Saturday, January 4, 2014

A post from November (originally) :)

 
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I cannot believe this academic year is going by so fast. This past week we had training at the OSDE in several components of literacy: phonics, phonological awareness, fluency, vocabulary, comprehension, ELL, lower and upper primary writing, MAX Teaching Reading and Writing program, and the Duke TIP program. We are very fortunate to receive wonderful professional development about once a month that we are able to bring to the teachers and administrators in our area.

One thing that has been on my mind lately is high expectations. We all know we should have high expectations for our students. But it is easy for us to forget this. Never ever limit your students. I had three summer sessions in the Great Expectations program and that is the one thing I really took away. It made all the difference. I noticed when I did not put a cap on my student's learning, and I stopped assuming he/she could or could not do something, my students excelled.

If I believed in them then they wanted to succeed and make me proud. They took ownership for their own learning!! I had a class about two years ago that was PreK and 100% ELL. Most of the students had no English exposure at home. This was their first time away from their parents. I challenged these kids like no one's business. I had them reading and writing after Christmas Break. They continue to be a high level class. I never used the excuse about my ELL population being high and thus limiting what they could do.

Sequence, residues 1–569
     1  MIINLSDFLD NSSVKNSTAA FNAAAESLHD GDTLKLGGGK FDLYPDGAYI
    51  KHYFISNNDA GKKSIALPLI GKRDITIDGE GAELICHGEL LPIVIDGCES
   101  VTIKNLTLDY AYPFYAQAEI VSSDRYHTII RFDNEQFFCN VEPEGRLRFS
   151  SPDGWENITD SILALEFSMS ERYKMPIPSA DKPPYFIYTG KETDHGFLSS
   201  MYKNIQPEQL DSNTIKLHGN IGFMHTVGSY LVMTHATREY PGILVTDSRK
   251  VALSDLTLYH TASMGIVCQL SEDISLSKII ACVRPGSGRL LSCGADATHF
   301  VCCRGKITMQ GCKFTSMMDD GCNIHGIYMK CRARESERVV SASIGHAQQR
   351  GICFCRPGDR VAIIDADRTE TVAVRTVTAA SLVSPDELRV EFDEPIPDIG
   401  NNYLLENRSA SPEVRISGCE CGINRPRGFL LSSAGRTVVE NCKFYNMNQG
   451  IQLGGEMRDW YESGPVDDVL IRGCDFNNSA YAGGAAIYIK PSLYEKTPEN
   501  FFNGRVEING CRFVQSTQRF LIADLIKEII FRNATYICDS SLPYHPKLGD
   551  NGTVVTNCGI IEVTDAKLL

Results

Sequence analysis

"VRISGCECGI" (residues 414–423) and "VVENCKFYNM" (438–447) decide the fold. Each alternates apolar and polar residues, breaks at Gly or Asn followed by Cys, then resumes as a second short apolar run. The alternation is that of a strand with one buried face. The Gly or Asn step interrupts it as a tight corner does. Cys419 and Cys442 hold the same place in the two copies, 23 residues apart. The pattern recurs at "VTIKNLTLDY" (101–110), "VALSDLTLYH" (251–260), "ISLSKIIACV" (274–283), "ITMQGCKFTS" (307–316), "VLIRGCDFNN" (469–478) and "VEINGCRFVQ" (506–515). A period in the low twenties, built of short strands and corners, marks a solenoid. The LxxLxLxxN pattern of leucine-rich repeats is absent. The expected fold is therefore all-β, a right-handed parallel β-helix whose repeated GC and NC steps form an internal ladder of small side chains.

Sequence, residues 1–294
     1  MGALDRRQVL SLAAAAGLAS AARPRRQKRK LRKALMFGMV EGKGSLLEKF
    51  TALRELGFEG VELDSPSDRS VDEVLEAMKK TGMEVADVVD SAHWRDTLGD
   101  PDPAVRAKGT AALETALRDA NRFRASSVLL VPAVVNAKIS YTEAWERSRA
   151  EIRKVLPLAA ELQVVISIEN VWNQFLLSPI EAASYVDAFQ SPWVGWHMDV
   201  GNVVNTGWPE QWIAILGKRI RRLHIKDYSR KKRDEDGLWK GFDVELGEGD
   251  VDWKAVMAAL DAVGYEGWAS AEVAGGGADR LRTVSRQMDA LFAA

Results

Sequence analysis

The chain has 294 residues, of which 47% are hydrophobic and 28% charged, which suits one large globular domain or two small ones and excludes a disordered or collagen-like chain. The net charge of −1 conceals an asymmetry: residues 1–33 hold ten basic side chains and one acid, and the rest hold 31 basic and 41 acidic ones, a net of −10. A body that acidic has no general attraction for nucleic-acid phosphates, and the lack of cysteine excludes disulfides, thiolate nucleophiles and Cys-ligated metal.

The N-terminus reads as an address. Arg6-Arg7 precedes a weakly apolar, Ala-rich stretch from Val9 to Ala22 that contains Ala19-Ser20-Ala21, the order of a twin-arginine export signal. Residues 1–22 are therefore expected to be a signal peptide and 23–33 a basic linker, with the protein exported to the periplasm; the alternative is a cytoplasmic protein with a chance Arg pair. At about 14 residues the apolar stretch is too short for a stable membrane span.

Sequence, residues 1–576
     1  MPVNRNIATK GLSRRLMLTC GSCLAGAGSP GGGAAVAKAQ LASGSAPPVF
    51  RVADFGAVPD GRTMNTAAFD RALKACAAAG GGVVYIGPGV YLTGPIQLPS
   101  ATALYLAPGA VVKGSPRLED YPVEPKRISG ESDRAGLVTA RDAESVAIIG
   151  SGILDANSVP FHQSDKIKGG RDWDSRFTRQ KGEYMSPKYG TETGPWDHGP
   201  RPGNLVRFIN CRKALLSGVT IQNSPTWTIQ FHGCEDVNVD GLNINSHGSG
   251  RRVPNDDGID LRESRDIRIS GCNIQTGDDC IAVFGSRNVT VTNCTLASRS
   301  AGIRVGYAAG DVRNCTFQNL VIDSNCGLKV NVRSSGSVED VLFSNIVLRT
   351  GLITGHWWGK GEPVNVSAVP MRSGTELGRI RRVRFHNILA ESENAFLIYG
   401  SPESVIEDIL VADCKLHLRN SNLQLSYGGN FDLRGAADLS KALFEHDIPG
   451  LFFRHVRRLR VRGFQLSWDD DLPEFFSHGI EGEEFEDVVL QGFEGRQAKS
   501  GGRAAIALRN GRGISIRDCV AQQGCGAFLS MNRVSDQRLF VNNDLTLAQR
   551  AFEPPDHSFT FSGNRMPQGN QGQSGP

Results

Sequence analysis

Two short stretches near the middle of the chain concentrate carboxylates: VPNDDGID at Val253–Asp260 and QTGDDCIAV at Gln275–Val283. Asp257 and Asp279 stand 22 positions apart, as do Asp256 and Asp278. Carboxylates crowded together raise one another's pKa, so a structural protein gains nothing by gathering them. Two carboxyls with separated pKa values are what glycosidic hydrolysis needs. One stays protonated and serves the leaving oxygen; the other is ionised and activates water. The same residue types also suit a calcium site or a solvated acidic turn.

I had my PreK students going into Kindergarten reading on a Fountas and Pinnell level H-Q. No joke! And they comprehended the text. The Kindergarten teacher came to me to ask me how she could challenge this class. I saw these results even previous to this in the other grade levels I taught.

I did not see a student as a student of poverty, a student with a learning issue or any label at all. I told them every day they were smart and they would go to college. I became their biggest cheerleader.

Times are tough in education. Education is fluid and always evolving and we must keep up or sink. It is easy to get stuck in the gooey fluid and forget about our kids. Again, we need to be the biggest cheerleader in their lives. We only have them for that one academic year. It is up to us to either make them love learning and actually be sad when there is a school break or to have them dread coming to school and have no motivation to learn. It does not matter what the home life is like. We must make those hours in our classroom be their place of comfort. In turn, your students will outperform any grade-level expectations.

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